More or less. Go on.
Second, I want to love my wife with a redeeming, transforming love. …So, I finally think I have enough of an understanding to pray. But am I praying the right way? Am I loving her the right way? Should I do more? Less?
And of course there’s the larger problem of my near-inability to pray, except through contrived means like this. Which would probably be my third request. I don’t really care how, but I want to accomplish those things (or rather, see you accomplish those) which can only be accomplished through prayer, versus those that can be achieved through my efforts. I want my reach to exceed my grasp, rather than turning inward toward only that which I [think I] can control.
Very good, Ernie.
Not really. I mean, sure, there’s lots of things I want. Alan’s salvation, success at work, happiness etc. But, those seem subsidiary to these. In fact, these three are probably all interrelated, and may even reflect a deeper need I haven’t articulated.
So, ultimately, I guess I want what you want for me — or at least I want to want that!
Well said. But how badly do you want that?
Bad enough to die. Slay me with your love, Lord Jesus, that I may live for you.
[Jesus looks at me for a long moment. He lifts his arms, and plucks a red ruby from his right hand, and a green emerald from his left. They are somewhat small -- perhaps a centimeter across -- but exquisite.]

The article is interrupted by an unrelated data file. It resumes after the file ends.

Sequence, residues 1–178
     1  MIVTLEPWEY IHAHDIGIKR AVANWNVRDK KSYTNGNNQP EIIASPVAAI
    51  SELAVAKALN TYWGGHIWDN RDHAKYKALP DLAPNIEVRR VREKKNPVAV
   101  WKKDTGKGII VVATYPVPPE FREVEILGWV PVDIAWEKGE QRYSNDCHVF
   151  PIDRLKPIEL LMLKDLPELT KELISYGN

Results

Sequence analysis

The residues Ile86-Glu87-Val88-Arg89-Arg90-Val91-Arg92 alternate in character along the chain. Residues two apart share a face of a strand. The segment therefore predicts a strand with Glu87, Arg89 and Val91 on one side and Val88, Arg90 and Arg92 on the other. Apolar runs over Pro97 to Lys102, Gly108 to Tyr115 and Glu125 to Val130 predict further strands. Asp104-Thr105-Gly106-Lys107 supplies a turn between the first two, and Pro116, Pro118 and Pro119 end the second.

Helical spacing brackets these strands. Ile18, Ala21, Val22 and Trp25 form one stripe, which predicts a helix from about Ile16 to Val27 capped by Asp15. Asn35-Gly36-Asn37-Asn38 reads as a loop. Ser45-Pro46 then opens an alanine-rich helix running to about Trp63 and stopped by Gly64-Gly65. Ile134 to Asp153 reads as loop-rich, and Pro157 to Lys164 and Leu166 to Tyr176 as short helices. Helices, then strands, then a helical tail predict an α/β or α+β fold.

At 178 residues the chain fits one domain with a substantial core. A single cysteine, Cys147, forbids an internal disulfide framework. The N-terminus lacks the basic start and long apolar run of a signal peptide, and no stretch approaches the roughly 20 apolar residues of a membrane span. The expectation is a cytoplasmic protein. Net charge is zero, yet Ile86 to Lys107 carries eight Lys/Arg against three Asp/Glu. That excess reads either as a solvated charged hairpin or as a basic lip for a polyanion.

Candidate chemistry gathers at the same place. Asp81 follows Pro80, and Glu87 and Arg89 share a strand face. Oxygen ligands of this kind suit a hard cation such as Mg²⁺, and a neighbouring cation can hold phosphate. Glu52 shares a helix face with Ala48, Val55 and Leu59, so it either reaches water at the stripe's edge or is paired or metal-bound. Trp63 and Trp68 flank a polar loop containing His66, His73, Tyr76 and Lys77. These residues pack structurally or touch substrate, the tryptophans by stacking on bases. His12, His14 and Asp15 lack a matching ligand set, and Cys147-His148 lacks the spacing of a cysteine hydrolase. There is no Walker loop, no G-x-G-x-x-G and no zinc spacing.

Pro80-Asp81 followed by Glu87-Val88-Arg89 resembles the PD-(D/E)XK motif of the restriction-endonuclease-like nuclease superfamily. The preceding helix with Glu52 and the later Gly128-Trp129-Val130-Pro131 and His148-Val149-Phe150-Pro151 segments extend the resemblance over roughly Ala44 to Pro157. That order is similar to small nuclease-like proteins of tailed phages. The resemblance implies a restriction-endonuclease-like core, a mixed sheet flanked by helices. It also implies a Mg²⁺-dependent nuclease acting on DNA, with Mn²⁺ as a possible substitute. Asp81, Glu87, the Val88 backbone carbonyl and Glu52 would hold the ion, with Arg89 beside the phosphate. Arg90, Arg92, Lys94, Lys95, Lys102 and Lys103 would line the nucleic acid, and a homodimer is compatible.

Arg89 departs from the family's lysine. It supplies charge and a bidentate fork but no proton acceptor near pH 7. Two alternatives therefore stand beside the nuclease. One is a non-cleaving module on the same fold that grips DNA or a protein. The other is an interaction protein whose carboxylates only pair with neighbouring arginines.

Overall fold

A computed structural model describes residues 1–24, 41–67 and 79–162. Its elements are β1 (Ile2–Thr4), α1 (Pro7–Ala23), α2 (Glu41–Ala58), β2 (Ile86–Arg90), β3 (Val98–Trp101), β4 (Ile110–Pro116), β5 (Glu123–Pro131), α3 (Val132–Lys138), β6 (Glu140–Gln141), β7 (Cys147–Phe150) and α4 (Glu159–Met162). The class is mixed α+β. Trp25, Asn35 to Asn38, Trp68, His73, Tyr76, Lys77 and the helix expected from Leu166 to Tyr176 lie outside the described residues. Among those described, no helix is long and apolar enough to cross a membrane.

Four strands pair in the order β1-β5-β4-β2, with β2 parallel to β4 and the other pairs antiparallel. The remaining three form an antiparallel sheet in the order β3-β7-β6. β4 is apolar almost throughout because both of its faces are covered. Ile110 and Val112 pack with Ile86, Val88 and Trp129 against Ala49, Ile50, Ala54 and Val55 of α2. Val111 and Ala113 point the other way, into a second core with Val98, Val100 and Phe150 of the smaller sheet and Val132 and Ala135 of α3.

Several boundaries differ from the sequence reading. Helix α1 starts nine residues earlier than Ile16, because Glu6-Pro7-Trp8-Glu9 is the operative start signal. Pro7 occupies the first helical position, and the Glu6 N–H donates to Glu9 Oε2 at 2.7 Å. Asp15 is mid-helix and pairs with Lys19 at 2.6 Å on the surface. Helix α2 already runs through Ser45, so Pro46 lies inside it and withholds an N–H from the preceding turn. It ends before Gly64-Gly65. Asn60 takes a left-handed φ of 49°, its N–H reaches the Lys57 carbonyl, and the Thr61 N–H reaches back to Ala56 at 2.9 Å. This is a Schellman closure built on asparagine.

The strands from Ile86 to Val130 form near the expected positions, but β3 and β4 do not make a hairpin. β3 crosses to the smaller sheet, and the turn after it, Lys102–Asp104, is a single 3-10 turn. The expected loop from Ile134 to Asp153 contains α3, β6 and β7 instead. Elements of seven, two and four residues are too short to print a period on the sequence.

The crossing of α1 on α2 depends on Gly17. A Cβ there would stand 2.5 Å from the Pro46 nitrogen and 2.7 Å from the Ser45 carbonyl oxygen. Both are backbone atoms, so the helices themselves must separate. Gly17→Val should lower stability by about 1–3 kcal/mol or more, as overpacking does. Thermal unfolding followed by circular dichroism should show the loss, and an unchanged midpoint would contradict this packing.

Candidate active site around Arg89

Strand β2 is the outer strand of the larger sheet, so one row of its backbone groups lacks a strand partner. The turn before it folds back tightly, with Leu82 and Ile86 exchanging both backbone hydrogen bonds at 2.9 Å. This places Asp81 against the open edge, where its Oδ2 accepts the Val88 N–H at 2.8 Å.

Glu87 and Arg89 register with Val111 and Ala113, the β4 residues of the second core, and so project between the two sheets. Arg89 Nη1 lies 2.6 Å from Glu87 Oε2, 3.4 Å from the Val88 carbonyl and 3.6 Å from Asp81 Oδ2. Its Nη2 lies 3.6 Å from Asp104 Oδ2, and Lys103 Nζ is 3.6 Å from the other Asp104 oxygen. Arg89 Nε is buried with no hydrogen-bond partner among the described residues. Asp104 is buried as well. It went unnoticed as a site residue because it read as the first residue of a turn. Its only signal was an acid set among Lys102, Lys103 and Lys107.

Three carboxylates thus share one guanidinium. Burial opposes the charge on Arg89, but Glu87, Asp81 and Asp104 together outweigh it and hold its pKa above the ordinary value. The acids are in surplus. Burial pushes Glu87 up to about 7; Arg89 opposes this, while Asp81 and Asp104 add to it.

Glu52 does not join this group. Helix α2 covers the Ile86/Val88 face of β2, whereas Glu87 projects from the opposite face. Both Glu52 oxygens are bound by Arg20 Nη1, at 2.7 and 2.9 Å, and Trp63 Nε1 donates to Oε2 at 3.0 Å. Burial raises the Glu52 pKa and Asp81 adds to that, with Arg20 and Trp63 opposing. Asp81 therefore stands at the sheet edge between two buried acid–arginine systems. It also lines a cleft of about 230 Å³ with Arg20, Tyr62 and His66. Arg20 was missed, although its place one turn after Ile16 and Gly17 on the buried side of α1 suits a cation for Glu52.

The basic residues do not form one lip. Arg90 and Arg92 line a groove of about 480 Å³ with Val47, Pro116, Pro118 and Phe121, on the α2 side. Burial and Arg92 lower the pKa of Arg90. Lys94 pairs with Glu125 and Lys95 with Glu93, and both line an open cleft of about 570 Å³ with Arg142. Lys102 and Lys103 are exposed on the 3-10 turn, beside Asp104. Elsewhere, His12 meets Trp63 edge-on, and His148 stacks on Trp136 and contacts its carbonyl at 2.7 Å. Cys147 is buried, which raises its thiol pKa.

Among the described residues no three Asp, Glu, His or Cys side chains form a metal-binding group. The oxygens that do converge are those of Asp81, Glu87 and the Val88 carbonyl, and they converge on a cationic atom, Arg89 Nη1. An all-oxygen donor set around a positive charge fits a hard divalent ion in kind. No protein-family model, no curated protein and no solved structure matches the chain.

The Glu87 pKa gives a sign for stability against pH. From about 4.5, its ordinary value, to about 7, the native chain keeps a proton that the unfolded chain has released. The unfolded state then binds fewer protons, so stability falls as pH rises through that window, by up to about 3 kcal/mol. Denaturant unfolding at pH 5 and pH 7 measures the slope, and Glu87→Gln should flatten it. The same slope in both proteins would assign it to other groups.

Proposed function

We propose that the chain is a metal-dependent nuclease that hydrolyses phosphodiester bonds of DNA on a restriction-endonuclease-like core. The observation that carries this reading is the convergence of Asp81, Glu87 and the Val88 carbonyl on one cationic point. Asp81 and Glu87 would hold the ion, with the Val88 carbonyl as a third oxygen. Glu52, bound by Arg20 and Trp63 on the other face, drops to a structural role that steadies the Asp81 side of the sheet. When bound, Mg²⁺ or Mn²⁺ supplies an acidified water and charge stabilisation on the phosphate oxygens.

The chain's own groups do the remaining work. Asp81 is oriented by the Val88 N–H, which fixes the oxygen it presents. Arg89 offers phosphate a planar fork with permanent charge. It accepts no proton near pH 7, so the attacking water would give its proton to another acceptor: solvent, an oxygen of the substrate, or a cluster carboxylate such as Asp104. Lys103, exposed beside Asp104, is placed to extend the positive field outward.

These are your re-birth stones, Ernie. Part of the new name I give you, that is known to nobody but you. Forged in the heat of the cross, out of the fuel of your sin.
What do I do, wear them?
Ingest them, Ernie. They are like vitamins circulating in your body, to counteract the deficiency diseases of Insecurity and Pride. The red one, to treat insecurity, is “My Beloved.” It is made of Hope, Love, and Faith. Hope that you will accomplish great things in the world in my name — not yours. Love, because of the undying love I have for you. And Faith — faith that everything will work out because I am in control.
[I take, and drink the red one. It is like my first communion wine: potent and warming.]